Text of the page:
By Eric Gardner, Software Engineer, and Anne Tomasevich, Software Engineer, The Wikimedia Foundation
After much discussion and debate, this proposal was adopted by the Wikimedia Foundation’s Technical Committee (TechCom) in March of 2020, and various teams around the Foundation began experimenting with Vue.
Now that it’s been one year since the initial proposal, it seems like a good time to step back and ask: where do things stand with Vue and MediaWiki today? In what follows we’ll share some of our experiences using Vue within the Structured Data team over the last year.
First steps: SuggestedTags special page
Around the time that TechCom formally approved the RFC to adopt Vue.js for (some) new feature development, the Structured Data team was finalizing a new feature for Commons: computer-aided tagging of images using Google’s Cloud Vision API. Our goal was to make it easier for users to add structured (machine-readable) data to image files by providing computer-generated suggestions which human users could choose to add to a given File page.
The feature lives at a dedicated special page and can be accessed by any logged-in user.
This project was an ideal test-bed for experimenting with Vue.js. The feature was designed as an interactive dashboard only available to logged-in users, so we didn’t need to worry about caching or server-rendering pages. We believed that a client-side framework like Vue would be a natural fit for this kind of application.
Our initial hypothesis was quickly confirmed by experience. Within weeks, we were able to recreate and extend the previous prototype, even though we had to re-build some low-level components (equivalent to OOUI widgets) at the same time.
One factor that greatly sped up development was the ability to write UI code using a declarative, HTML-like syntax inside of Vue single-file components. This made it very easy to quickly scan code for relevant HTML elements, CSS classes, and the like – as opposed to following a long chain of imperative jQuery or PHP function calls. When some significant design changes were introduced relatively late in development, it was straightforward to rewrite the relevant bits of markup while leaving the rest of the code alone.
Vue encourages developers to break up UIs into small components that are relatively isolated from one another. In OOUI code, it’s common to see components that reach deep into children or grandchildren to manipulate state or call various methods, which can make it difficult to reason about how data flows through the application. In contrast, Vue enforces strict encapsulation: components are expected to pass data down to children and listen for any events they emit, but otherwise, each component should know as little as possible about what goes on inside any other.1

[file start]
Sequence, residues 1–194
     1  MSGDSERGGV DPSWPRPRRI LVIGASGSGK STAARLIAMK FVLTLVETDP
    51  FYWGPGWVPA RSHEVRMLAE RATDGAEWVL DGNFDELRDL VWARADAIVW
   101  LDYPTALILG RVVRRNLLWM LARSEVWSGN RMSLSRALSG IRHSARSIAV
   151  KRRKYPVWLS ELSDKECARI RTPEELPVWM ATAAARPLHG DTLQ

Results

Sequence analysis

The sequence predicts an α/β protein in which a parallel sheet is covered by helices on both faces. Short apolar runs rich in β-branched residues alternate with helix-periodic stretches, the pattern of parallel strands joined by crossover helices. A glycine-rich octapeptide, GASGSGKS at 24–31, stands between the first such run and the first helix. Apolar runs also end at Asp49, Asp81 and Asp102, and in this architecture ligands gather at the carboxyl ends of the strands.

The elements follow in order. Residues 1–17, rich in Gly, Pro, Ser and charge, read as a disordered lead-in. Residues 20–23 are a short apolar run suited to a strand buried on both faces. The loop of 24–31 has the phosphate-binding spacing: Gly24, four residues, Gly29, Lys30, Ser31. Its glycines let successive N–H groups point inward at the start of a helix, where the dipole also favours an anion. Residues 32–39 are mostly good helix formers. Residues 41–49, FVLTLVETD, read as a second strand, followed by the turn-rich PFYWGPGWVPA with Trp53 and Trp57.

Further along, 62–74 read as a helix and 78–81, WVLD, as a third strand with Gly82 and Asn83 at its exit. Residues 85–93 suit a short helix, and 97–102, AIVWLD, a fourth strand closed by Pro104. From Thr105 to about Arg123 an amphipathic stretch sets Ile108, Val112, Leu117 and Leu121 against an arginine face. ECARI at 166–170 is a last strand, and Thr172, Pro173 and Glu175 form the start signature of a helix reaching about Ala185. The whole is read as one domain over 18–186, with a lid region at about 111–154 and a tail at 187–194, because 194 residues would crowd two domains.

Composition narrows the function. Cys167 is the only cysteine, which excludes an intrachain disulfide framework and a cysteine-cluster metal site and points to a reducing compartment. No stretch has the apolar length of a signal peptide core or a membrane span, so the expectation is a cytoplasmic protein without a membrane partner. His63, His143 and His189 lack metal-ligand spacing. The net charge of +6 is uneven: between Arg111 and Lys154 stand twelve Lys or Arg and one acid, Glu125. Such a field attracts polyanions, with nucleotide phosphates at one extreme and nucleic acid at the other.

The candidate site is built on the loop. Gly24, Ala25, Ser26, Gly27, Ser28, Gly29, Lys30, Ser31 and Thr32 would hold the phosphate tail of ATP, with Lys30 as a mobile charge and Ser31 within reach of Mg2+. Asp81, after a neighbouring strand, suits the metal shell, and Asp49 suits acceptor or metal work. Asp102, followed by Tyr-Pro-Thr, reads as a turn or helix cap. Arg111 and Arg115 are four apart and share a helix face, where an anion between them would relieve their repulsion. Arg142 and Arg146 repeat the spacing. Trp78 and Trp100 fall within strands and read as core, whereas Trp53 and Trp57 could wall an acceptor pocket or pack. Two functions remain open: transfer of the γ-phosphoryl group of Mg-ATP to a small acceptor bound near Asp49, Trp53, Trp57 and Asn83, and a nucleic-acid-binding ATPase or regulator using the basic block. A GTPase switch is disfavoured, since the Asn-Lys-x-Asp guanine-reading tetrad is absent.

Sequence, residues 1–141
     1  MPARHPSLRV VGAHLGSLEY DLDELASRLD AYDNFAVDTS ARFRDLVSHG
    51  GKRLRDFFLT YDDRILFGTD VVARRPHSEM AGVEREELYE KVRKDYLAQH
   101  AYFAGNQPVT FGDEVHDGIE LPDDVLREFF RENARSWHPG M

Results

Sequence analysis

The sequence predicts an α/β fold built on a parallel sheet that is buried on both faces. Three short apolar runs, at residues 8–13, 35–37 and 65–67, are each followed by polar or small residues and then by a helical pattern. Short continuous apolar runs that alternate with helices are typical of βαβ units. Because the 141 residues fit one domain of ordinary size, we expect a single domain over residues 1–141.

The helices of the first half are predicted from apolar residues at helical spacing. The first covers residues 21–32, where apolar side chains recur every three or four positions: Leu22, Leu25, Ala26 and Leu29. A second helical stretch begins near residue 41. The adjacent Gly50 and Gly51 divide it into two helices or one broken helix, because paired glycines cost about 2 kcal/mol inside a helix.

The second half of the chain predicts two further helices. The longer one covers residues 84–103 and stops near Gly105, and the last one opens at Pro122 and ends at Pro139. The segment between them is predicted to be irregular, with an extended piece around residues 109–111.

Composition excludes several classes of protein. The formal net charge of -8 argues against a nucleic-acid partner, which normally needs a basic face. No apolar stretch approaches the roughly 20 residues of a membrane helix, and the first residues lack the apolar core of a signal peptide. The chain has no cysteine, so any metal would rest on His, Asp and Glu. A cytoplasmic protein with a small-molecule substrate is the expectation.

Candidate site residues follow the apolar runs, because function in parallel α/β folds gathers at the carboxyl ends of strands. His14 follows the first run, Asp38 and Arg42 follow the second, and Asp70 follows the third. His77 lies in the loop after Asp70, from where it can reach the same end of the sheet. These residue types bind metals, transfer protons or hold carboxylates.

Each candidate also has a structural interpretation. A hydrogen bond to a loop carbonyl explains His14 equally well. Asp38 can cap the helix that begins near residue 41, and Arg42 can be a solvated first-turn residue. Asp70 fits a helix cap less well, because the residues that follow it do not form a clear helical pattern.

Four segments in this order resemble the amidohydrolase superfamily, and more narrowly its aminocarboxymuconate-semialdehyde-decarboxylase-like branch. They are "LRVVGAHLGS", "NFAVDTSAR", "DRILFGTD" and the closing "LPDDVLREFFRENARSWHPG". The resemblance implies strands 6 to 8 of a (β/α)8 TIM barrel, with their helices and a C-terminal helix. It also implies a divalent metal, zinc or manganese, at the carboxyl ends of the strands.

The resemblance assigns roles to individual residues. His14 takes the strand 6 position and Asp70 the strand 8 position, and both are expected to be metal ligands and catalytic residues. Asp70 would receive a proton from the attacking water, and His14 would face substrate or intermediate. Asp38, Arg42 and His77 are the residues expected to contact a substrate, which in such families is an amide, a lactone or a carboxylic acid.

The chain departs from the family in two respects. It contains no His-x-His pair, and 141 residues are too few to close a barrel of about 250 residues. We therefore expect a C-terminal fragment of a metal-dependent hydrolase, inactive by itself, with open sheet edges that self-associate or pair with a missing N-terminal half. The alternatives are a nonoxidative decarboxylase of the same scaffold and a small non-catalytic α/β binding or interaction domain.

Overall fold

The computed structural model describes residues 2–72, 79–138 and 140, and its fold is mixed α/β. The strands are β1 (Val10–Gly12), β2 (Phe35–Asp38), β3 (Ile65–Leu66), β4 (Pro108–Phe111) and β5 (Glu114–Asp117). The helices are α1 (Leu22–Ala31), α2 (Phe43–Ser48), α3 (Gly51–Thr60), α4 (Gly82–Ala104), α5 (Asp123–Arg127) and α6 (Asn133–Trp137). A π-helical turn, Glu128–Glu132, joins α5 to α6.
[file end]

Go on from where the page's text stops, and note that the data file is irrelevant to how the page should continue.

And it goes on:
Consistent rules about data flow and component isolation will go a long way in making an application easy to comprehend. But for many non-trivial applications, there will inevitably be some global concerns that touch components at a lot of different levels.
In the case of the SuggestedTags interface, most user actions ultimately end up modifying a single data object that represents which suggested tags were approved or rejected for a given image. This data is what gets submitted back to the server when the user clicks the big “publish” button at the bottom of the screen.
This situation ended up being a great use-case for Vuex, the official state-management library for Vue. The ins and outs of how to work with Vuex could fill a whole separate blog post (perhaps we’ll write one soon), but all in all, we found it to be a highly effective and lightweight tool. Using Vuex allowed us to introduce some separation of concerns into our code, creating clear distinctions between the “presentational” state of components (which tab a user is looking at, whether a given button is enabled, etc.) vs. data that is being prepared for eventual submission to our API.
Vuex also allowed us to enforce a degree of type-safety in this critical data, because the state defined by the developer can only be manipulated by special functions called mutations. To ensure that a certain bit of data in the store is always an array, for example (even when empty), the relevant mutations can be written to only use methods like push and shift instead of simply assigning new (arbitrary) values. Having mutations act as “gate-keepers” to the data can guarantee a little bit of type-safety in a language where it is otherwise hard to come by.
Integration with MediaWiki
Finally, this project was a useful test of whether we could easily work with Vue in the context of a typical MediaWiki environment, without relying on any external build tools like Webpack or Babel. The short answer is: yes, we can!